It is never news when a Huffington Post blogger says that Mitt Romney, or any other Republican candidate, is beyond the pale. One of the times that happened last week, it involved a Democrat Mormon saying that he was upset with Romney. Unlike most criticism of Romney emanating from the illustrious pixels of the HuffPost, though, this article went after Romney as a Mormon.
Even that isn’t surprising.
But then one of the highest-ranking Democrats in the country — Senate Majority Leader Harry Reid — said he agreed with the Romney critic. Now, I have absolutely no doubt that if John Boehner or some other prominent Republican such as Sen. Mitch McConnell said he agreed that Barack Obama had “sullied” the Christian religion, we’d hear quite a bit of outrage in the media about it. Will the same happen in this instance?
Senate Majority Leader Harry Reid says he agrees with a fellow Mormon who wrote recently that Mitt Romney has “sullied” the LDS faith and that the GOP presidential candidate is “not the face of Mormonism.”
Reid, a Mormon Democrat from Nevada, blasted Romney in a conference call for reporters over a litany of things the Republican nominee has said recently. And Reid added that Latter-day Saints aren’t buying Romney’s rhetoric.
“He’s coming to a state where there are a lot of members of the LDS Church,” Reid said in advance of Romney’s Friday visit to Nevada. “They understand that he is not the face of Mormonism.”
In contrast, other prominent Mormons have thanked Romney for presenting a positive image of the church.
The story, which is a pretty straight account of the conference call, is fine. It quotes other Mormons who say that Romney’s presidential run has been good for Mormonism and that Mitt Romney has brought honor to the church. The HuffPo piece was by Gregory A. Prince, co-author of “David O. McKay and the Rise of Modern Mormonism.” We learn:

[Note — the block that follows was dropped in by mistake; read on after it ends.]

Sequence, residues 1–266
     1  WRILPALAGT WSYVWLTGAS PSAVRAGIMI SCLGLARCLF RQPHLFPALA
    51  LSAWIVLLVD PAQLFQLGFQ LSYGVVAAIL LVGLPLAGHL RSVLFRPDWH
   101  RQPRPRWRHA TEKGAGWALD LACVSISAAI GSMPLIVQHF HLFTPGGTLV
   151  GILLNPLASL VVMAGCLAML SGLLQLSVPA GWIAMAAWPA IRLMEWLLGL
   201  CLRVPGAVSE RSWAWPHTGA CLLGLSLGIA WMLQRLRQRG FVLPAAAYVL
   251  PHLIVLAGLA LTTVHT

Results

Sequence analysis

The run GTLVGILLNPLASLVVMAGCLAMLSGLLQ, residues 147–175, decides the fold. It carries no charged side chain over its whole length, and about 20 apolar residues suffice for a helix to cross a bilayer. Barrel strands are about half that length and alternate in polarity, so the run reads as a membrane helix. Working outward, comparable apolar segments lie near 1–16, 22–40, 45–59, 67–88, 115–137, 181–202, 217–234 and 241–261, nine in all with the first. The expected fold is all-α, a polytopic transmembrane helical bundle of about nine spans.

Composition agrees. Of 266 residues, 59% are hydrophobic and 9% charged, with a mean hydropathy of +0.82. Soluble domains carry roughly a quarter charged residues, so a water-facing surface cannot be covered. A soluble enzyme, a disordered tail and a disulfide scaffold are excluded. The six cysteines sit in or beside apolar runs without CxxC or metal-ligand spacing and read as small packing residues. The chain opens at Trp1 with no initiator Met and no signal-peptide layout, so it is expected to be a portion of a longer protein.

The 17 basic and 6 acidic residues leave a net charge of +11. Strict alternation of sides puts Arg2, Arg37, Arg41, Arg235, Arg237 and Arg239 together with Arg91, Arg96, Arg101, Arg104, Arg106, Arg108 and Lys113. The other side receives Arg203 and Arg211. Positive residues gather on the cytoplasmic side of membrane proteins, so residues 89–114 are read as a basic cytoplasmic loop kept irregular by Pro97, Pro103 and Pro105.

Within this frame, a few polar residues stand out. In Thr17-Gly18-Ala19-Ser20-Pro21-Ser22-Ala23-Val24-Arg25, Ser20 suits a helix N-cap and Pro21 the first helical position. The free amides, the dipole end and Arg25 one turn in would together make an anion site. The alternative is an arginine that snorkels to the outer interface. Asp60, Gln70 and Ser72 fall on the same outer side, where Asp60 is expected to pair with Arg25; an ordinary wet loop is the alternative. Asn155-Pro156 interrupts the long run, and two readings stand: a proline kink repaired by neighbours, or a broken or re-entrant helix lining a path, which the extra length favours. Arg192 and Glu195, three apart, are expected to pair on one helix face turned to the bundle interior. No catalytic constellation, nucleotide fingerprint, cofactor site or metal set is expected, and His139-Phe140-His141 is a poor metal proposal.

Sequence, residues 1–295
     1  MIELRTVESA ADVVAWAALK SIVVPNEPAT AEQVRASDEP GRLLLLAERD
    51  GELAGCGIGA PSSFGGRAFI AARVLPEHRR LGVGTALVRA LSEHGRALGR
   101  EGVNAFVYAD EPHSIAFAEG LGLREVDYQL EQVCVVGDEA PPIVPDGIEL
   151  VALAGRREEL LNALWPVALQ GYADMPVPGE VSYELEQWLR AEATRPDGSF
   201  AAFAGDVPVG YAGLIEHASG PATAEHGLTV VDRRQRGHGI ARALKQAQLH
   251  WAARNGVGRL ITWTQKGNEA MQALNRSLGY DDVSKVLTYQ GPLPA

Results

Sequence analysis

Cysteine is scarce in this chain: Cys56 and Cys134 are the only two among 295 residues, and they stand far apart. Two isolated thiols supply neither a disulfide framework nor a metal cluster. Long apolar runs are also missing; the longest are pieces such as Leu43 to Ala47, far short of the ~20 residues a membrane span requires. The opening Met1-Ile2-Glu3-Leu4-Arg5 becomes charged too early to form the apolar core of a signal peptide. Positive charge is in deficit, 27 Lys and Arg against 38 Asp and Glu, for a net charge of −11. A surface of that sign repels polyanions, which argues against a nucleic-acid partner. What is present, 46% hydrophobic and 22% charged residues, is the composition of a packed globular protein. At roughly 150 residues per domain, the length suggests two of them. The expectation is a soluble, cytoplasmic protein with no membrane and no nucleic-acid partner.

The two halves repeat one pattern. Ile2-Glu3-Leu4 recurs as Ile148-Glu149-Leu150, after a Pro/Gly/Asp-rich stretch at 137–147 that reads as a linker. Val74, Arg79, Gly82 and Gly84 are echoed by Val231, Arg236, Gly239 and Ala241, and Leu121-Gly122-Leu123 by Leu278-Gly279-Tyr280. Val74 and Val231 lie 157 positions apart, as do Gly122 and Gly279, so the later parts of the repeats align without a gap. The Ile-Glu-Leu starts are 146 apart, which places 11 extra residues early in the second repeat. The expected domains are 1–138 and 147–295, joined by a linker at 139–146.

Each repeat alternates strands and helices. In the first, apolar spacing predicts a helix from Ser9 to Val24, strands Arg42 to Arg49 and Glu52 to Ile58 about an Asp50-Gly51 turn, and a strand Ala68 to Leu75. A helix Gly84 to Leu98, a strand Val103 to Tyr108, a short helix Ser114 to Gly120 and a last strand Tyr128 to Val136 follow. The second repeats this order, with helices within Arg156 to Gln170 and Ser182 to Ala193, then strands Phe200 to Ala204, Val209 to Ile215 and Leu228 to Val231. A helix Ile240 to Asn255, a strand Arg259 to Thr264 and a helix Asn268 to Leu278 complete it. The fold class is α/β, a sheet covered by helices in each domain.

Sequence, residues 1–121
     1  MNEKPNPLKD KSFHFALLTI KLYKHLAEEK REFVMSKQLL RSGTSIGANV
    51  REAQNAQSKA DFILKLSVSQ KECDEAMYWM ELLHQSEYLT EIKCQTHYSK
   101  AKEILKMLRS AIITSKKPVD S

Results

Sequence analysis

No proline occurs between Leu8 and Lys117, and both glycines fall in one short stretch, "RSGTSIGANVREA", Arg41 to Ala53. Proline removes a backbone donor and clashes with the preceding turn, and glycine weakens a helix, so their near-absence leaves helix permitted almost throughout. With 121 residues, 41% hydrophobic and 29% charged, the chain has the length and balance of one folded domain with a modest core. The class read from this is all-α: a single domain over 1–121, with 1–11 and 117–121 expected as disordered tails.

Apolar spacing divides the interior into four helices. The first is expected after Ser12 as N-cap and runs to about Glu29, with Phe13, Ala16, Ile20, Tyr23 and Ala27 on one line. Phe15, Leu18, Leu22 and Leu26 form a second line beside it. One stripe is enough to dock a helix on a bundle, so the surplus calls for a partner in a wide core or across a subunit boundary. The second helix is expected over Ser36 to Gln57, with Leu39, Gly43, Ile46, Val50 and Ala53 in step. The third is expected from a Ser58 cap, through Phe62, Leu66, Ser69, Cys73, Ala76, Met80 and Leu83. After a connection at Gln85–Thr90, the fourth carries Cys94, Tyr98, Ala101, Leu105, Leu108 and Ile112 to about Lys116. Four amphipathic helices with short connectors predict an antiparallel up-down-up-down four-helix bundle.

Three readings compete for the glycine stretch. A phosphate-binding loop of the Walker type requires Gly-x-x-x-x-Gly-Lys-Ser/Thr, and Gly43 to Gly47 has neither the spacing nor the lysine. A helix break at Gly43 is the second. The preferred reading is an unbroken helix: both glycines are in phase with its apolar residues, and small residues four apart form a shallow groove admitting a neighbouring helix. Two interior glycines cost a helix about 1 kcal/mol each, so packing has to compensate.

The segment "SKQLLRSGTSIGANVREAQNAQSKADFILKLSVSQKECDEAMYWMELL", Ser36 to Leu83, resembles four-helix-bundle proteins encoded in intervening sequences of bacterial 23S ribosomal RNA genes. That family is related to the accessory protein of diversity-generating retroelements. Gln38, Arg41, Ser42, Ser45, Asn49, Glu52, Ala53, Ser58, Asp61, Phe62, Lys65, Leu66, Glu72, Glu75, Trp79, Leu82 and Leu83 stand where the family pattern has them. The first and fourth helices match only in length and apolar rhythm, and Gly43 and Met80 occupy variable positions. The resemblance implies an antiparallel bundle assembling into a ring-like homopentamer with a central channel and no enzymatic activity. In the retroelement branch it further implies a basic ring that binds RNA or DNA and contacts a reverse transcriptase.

“Judge Mitt Romney as you will, and vote for or against him as you will; but do not judge Mormonism on the basis of the Mitt Romney that was unveiled to the public this week,” Prince wrote. “He is not the face of Mormonism.”
Reid, on the conference call, said, “I agree with him.”
“He said that Romney has sullied the religion that he, Prince and Romney share,” Reid said. “And he’s so disappointed that in his words, ‘It’s a good religion and he’s hiding from it.’ “
Prince was actually quoting a documentary film producer so those weren’t his words, but you get the idea. The article does a great job of getting a wide variety of views, both political and theological to weigh in on Reid’s attack on Romney.
But when the article mentions that Reid had claimed, based on nothing, apparently, that Romney hadn’t paid income taxes in some years, it got me thinking. Do we see anything approaching a proportionate level of scrutiny of Reid’s Mormonism? Do these statements and actions of his — incorrectly but repeatedly suggesting that Romney hasn’t paid any taxes based on the claim of an anonymous source, supporting the view that George W. Bush’s mother was a [very bad name] and involvement with the Nevada gaming commission and all the other things that go along with his decades-long career in politics — comport with Mormon teaching? If so, how? Senate Majority Leader Harry Reid is a Mormon who is one of the most powerful men in the country. Do we see a proportionate level of scrutiny about how he lives his faith as we do about Mitt Romney? Should we?